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- Agricultural Property
For valuation purposes, land that is being used to obtain a monetary profit from an agricultural product, and meets specified qualifications, may qualify for an agricultural designation. See the Department of Revenue frequently asked questions for information and qualifications. You can also reference WS 39-13-103(b)(x) for more information.
How Agriculture Lands are valued in Wyoming
Many states have laws regarding the preferential assessment of agricultural land. This means that farm and ranch assessments are usually based on the lands capability to produce agricultural products. In Wyoming, agricultural land is taxed based on the land’s productive capability under normal conditions.
Ag Land Definition
Wyoming uses the following points as criteria for land to qualify as agricultural land for tax purposes:
1. As of the assessment date, the land is being used for an agricultural purpose, which includes: a.) cultivation of the soil for production of crops; or b.) production of timber products (firewood does not count) or grasses for forage; or c.) rearing, feeding, grazing or management of livestock.
2. The land is not part of a platted subdivision. Pursuant to §39-13-103(b)(x)(B)(II) individual subdivision parcels of thirty-five (35) acres or more “which otherwise qualifies as agricultural land” may be considered for agricultural classification.
3. If the land is not leased land, the owner has derived annual gross revenue of not less than five hundred dollars ($500) from the marketing of agricultural products. If the land is leased, the lessee has derived annual gross revenue of not less than one thousand dollars ($1,000) from the marketing of agricultural products.
4. The land has been used or employed, consistent with the land’s size, location and capability to produce as defined by the Department’s rules and the “Mapping and Agricultural Manual”.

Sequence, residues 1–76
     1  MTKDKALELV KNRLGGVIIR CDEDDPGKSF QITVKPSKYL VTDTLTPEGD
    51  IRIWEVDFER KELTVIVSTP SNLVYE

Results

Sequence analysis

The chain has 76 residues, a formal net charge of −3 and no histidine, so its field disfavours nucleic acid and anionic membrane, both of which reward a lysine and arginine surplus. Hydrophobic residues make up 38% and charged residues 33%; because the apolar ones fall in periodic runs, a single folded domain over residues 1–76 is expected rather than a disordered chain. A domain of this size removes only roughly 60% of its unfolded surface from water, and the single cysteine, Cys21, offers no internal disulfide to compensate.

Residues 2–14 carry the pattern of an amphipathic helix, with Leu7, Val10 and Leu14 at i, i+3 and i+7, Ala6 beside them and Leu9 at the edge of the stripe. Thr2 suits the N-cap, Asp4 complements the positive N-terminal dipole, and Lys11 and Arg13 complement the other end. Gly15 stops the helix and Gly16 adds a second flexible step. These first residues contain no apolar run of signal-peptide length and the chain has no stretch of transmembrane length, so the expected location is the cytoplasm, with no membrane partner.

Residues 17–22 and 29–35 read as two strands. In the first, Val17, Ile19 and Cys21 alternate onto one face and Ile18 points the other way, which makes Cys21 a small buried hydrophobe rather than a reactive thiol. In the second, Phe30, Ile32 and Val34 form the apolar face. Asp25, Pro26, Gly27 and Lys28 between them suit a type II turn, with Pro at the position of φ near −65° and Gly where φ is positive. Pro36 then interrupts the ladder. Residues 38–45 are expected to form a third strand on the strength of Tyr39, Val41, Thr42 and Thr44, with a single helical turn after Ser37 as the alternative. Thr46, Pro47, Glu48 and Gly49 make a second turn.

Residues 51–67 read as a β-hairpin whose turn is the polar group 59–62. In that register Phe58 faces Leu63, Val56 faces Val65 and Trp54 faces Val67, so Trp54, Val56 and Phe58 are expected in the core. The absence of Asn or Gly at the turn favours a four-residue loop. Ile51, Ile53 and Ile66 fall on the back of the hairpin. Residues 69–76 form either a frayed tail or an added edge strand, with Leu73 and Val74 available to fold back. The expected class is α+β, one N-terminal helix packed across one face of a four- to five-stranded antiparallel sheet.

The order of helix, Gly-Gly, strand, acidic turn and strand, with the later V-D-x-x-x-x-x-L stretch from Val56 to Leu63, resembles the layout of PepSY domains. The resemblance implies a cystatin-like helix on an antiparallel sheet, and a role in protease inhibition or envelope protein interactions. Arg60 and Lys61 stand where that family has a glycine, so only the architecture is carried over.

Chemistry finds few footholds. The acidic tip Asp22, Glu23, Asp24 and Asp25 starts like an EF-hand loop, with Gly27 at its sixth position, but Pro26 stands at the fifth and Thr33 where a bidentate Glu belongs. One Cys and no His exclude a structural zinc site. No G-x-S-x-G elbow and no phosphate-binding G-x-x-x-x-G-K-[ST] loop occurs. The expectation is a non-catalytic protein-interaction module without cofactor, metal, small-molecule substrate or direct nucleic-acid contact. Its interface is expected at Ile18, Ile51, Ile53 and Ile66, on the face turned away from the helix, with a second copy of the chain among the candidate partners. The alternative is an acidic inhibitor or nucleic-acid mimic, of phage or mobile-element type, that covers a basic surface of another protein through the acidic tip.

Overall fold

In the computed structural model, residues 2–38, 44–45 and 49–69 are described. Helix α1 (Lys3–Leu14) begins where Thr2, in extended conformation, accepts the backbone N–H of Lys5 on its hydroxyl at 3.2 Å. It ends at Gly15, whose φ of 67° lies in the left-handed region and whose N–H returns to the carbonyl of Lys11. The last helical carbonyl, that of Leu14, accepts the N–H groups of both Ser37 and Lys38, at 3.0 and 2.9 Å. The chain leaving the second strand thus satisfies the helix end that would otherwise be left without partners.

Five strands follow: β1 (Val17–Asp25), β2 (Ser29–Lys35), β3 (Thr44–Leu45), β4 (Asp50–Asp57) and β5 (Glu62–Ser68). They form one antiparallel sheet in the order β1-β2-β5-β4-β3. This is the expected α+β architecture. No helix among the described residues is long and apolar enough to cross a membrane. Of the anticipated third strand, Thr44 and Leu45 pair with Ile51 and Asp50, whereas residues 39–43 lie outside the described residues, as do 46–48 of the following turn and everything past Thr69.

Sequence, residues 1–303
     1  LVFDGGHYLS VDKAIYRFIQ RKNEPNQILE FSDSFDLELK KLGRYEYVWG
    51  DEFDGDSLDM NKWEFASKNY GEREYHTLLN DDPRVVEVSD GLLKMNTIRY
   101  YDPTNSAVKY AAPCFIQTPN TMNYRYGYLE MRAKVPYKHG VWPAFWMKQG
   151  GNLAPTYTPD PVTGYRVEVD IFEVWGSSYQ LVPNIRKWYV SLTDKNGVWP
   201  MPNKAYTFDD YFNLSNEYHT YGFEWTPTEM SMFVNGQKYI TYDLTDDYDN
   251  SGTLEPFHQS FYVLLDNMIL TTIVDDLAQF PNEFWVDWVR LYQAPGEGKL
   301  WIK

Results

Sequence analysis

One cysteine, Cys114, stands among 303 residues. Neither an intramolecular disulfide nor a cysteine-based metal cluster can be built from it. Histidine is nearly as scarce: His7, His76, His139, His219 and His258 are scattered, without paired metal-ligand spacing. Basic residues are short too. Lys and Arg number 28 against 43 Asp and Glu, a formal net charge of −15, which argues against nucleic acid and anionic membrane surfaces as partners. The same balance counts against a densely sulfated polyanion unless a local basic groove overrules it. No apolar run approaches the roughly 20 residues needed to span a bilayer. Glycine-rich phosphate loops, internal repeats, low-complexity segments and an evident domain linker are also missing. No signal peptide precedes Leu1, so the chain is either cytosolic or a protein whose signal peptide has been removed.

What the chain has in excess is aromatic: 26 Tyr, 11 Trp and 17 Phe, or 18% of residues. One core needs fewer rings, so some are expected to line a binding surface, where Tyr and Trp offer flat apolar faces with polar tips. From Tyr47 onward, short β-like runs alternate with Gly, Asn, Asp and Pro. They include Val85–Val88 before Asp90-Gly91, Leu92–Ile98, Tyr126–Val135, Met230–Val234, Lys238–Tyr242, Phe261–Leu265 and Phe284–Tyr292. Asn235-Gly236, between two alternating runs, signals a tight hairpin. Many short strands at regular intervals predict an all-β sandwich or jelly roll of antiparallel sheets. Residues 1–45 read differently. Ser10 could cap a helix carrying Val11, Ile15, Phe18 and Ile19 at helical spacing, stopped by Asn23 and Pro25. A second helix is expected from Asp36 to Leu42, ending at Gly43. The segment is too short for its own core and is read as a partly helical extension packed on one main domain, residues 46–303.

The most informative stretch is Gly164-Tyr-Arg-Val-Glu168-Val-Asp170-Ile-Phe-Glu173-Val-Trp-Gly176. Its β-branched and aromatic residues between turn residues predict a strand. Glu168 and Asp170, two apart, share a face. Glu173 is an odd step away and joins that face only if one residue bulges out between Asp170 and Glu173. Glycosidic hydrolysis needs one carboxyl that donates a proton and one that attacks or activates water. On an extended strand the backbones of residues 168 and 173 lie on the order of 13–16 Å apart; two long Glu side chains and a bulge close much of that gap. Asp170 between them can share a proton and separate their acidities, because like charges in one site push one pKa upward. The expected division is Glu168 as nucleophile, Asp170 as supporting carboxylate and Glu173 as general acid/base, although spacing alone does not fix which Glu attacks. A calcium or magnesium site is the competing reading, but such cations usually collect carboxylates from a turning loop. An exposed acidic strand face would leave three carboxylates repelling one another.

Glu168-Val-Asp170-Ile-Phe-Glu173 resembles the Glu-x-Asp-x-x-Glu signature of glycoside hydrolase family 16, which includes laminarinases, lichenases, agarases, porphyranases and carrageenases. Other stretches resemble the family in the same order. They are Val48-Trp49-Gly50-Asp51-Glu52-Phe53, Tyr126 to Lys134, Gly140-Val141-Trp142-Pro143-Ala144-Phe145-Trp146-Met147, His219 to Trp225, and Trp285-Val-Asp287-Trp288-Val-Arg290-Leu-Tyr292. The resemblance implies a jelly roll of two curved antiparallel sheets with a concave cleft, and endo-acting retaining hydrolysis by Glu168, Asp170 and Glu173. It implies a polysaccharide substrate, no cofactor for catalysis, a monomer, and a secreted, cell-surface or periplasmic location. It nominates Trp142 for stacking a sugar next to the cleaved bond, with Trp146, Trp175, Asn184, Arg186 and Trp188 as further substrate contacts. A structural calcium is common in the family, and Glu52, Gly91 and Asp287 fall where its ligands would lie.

There are three steps that must be satisfied to determine agricultural land productivity value:
1. Classification. Identifying property ownership and classifying property types (i.e., urban, suburban, agricultural land, etc.) is the responsibility of the County Assessor’s office. The proper identification of the property ownership is essential to the agricultural land evaluation process. It determines the ownership boundaries and is the first step in determining land use.
2. Land Use. There are three major categories of agricultural land. They are irrigated crop, dry crop and rangeland any or all three may be found in any given parcel of land. To properly value each agricultural parcel, these categories must be correctly identified and located. This is accomplished through the use of various materials, including aerial photography.
3. Productivity. The following three categories of agricultural land are used in identifying productivity.
Irrigated Crop Land
Tons of all hay per acre is the productivity measurement used for valuing irrigated cropland. This “measurement” is determined from environmental factors that affect the soils ability to produce. These “factors” or limitations are of Agriculture Natural Resources Conservation Services Soil Survey and includes items such as precipitation, length of growing season, slope, etc.
Dry Crop Land
Bushels of all wheat, per acre, are the productivity measurement used for valuing dry cropland. As with irrigated cropland, this “measurement” is determined by environmental factors that affect the soils ability to produce. These “factors” or limitations are the same as to those used with irrigated cropland.
Animal Unit Months or “AUMs”, is the productivity measurement used for valuing rangeland. The term “AUM” is defined as the amount of forage required to sustain a 1,000 pound cow with or without a calf for one month.
Once ownership has been identified, land use has been established and the productive capability has been tabulated for the parcel, a four-step valuation process begins:
- 1. Determine Prices of Agricultural Products.
This information is derived from the Wyoming Agricultural Statistics Service’s commodity price data. This information, which consists of all hay, all wheat and grazing prices, is converted to a 5 year weighted average.
- 2. Capitalization Rate Selection.
This rate is based on the Farm Credit Services of Omaha’s Long Term Portfolio rates (with an added effective tax rate component), which are also converted to a 5 year weighted average.
- 3. Determine Net Income.
To determine the net income, the unit price of each of the three commodities is multiplied by the production per acre. Next, the landlord share is determined, if applicable, then the expenses and production losses are deducted to establish a net income to the landlord.
- 4. Capitalize Net Income.
The final step in the process is capitalizing the net income. The following formula illustrates the final step in the valuation process.